23 Types of inference in impact evaluations Adequacy (descriptive studies) – the expected changes are taking place Plausibility (observational studies) – observed changes seem to be due to the programme Probability (RCTs) – randomised trial shows that the programme has a statistically significant impact Source: Habicht, Victora, Vaughan, IJE 1999

24 Ensuring internal validity in probability and plausibility studies Issue: Comparability Probability (RCT) Plausibility (quasi-experiment) PopulationsRandomizationMatching Understanding determinants of implementation Handling contextual factors ObservationsBlindingAvoiding information bias EffectsUse of placeboBeing aware of Hawthorne bias and of the placebo effect

25 Adequacy evaluations Questions: –Were the initial goals achieved? E.g.: reduce underfive mortality by 20% –Were the observed trends in impact indicators in the expected direction? of adequate magnitude?

26 Plausibility evaluations Question: –Is the observed impact likely due to the intervention? Require ruling out influence of external factors: –need for comparison group –adjustment for confounders Also known as quasi-experiments

27 Adequacy/plausibility designs (1) Design: cross-sectional Measurement points: once Outcome: difference or ratio Control group: –Individuals who did not receive the intervention –Groups/areas without the intervention –Dose-response analyses, if possible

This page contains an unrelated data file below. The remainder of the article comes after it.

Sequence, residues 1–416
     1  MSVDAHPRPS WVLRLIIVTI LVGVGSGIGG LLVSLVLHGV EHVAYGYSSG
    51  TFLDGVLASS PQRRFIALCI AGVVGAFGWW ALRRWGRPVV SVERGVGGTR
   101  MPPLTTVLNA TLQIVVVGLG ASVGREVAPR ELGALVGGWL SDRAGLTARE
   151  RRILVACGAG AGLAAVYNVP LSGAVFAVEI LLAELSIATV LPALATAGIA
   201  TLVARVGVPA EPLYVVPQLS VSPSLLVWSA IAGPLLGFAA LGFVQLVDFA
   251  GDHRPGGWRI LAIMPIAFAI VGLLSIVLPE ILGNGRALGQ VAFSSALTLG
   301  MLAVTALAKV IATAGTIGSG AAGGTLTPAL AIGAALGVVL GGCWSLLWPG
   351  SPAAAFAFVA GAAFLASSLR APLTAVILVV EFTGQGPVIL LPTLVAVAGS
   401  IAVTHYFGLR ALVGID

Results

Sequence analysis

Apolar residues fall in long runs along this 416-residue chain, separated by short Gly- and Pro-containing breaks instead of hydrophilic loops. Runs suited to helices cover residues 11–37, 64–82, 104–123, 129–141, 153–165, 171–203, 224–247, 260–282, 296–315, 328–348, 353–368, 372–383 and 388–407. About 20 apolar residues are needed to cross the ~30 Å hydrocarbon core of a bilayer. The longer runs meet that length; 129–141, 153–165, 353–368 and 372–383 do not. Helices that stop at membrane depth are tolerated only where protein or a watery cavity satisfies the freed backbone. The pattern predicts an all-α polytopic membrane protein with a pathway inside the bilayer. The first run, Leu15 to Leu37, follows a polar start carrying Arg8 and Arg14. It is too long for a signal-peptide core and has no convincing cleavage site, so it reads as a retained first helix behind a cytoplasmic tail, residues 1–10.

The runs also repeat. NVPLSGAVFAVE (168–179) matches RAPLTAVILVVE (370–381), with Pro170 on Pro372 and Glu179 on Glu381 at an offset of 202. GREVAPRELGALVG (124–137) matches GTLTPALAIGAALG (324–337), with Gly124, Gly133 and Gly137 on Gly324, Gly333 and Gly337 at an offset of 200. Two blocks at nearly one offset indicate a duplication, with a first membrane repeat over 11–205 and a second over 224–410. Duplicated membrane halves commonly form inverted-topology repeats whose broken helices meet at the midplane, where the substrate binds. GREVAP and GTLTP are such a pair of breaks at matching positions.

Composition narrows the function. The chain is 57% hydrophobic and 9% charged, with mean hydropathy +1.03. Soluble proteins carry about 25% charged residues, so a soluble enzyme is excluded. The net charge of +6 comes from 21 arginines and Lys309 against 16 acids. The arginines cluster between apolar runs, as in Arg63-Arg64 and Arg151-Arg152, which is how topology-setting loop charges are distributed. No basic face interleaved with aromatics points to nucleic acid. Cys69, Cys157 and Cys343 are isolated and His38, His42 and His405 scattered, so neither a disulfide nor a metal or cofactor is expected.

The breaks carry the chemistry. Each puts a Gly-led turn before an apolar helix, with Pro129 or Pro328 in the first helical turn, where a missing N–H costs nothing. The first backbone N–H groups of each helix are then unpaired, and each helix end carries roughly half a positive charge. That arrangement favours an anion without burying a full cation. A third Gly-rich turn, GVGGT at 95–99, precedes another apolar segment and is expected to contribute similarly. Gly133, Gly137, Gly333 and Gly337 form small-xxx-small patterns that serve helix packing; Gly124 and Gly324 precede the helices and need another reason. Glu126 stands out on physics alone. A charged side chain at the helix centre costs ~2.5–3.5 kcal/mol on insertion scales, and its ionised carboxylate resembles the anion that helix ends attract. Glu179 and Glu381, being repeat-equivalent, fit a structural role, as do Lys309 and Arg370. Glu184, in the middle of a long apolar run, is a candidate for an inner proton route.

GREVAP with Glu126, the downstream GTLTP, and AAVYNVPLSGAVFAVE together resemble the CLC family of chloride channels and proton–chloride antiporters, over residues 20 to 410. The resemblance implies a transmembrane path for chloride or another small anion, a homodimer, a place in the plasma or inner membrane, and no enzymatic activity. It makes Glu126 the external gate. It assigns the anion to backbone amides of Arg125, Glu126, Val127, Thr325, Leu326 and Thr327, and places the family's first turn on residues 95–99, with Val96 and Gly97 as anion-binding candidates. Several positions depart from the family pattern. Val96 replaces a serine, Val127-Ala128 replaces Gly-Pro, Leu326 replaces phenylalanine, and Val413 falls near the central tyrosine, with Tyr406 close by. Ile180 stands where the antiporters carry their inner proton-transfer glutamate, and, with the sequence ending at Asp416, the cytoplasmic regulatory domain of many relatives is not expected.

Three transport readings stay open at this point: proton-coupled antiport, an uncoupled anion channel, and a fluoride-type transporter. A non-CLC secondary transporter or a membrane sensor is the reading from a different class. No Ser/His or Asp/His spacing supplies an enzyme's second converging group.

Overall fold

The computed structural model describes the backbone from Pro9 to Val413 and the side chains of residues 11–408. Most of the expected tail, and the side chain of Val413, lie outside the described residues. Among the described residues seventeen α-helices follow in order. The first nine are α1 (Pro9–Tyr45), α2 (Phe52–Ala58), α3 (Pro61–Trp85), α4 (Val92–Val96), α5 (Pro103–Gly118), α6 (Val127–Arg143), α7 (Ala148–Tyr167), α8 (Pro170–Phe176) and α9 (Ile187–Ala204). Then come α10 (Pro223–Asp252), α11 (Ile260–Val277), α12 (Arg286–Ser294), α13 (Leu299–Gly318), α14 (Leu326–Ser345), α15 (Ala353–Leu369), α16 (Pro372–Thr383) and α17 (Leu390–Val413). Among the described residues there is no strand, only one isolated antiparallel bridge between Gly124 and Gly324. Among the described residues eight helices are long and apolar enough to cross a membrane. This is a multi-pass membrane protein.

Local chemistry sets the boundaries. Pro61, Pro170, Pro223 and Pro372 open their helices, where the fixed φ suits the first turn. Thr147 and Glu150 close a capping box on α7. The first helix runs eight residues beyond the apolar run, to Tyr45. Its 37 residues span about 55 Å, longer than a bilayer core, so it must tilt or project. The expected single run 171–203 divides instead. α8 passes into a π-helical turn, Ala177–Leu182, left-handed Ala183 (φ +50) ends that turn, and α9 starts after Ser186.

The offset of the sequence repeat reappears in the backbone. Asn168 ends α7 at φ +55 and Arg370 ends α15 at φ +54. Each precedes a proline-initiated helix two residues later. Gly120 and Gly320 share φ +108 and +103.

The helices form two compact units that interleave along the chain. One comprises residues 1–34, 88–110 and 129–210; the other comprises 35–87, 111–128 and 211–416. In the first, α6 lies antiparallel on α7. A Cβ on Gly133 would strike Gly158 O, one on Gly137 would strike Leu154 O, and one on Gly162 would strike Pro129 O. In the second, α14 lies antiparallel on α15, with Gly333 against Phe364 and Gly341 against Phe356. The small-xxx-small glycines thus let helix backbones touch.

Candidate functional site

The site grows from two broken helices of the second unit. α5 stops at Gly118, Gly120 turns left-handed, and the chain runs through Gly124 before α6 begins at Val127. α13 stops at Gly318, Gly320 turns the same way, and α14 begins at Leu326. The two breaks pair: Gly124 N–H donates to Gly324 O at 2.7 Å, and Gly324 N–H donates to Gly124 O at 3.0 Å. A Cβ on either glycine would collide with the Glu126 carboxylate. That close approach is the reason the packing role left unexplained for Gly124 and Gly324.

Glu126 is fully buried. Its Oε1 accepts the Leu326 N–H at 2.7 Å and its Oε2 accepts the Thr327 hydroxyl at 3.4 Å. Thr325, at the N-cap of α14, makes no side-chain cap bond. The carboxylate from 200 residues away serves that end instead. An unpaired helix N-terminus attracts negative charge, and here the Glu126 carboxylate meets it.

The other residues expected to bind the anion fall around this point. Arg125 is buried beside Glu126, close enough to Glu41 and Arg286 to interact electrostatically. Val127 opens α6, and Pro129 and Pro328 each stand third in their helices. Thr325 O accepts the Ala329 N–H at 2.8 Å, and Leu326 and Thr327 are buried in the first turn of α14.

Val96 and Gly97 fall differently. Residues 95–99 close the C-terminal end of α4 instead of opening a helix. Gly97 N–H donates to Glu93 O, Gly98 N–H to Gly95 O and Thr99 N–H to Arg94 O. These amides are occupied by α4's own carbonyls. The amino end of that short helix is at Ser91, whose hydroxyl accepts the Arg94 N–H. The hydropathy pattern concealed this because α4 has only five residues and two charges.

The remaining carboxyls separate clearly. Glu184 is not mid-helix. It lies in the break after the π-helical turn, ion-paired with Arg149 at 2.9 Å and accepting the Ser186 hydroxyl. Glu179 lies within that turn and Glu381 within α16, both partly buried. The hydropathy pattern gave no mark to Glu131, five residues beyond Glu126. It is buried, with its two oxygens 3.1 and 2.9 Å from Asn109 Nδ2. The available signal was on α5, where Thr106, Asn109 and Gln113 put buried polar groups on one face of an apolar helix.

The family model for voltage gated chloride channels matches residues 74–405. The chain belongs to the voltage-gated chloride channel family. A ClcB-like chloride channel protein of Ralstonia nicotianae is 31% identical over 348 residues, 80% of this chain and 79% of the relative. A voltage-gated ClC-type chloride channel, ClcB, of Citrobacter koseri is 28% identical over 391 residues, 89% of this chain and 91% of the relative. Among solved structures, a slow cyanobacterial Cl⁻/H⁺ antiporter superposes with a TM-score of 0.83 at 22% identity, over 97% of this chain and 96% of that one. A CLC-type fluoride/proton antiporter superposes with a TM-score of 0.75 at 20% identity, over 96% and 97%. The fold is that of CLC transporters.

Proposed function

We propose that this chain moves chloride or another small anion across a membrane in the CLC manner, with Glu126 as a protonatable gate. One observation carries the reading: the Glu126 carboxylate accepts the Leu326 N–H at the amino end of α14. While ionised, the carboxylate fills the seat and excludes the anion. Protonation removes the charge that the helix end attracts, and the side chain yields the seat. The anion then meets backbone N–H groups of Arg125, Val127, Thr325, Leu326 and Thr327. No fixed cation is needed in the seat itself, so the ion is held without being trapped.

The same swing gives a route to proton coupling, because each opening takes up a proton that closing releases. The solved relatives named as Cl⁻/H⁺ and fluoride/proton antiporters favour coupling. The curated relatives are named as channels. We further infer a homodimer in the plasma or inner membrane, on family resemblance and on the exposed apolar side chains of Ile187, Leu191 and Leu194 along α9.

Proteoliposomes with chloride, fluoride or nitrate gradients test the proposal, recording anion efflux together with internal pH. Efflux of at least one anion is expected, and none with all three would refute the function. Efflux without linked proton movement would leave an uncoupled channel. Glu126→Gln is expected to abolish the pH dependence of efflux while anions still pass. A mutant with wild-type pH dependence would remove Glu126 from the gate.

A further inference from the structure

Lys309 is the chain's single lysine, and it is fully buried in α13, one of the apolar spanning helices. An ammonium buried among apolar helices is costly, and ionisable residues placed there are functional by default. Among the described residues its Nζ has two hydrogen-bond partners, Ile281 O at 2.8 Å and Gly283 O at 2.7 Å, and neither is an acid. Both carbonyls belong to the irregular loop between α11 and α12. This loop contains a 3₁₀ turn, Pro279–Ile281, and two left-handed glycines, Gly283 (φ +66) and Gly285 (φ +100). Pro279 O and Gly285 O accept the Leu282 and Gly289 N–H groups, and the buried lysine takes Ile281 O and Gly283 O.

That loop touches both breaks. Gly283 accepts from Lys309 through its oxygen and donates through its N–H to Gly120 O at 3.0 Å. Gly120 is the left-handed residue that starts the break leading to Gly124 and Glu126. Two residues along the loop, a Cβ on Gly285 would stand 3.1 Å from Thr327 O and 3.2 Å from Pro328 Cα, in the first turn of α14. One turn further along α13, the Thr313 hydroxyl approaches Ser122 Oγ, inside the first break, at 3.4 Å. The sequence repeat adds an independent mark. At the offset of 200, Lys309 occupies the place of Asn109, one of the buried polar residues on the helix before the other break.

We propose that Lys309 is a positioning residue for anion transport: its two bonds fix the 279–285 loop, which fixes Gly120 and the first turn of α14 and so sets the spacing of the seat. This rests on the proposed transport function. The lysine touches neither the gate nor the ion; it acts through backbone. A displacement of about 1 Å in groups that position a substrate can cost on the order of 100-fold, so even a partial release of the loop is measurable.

28 ORT and diarrhea deaths in Brazil Spearman r = -0,61 (p=0,04) Each dot = 1 state

29 Adequacy/plausibility designs (2) Design: longitudinal (before-and-after) Measurement points: twice or more Outcome: change Control group: –The same or similar individuals, before the intervention –The same groups/areas, before the intervention –Time-trend analyses, if possible

30 Hib vaccine in Uruguay In Uruguay, reported Hib cases declined by over 95 percent after the introduction of routine infant Hib immunisation in Source: PAHO, 2004

31 Adequacy/plausibility designs (3) Design: longitudinal-control Measurement points: twice or more Outcome: relative change Control group: –The same or similar individuals, before the intervention –The same groups/areas, before the intervention –Time-trend analyses, if possible

32 Adequacy/plausibility designs (4) Design: case-control Measurement points: once Comparison: exposure to intervention Groups: –Cases: individuals with the disease of interest –Controls: sample of the population from which cases originated

33 Stunting in Tanzania Source: Schellenberg J et al Stunting prevalence among children aged months p (mean haz) = 0.05

34 Transparent Reporting for Evaluations with Nonrandomised Designs (TREND) Similar to CONSORT guidelines Include –conceptual frameworks used –intervention and comparison conditions –research design –methods of adjusting for possible biases AJPH, March 2004 Source: Des Jarlais, Lyles, Crepaz and the TREND Group, AJPH 2004

35 Conclusions (1) RCTs are essential for –clinical studies –community studies for establishing the efficacy of relatively simple interventions RCTs require additional evidence from non-randomised studies for increasing their external validity

36 Conclusions (2) Given the complexity of many Public Health interventions, adequacy and plausibility studies are essential in different populations –even for interventions proven by RCTs Adequacy evaluations should become part of the routine of decision-makers –and plausibility evaluations too, when possible

37 THANK YOU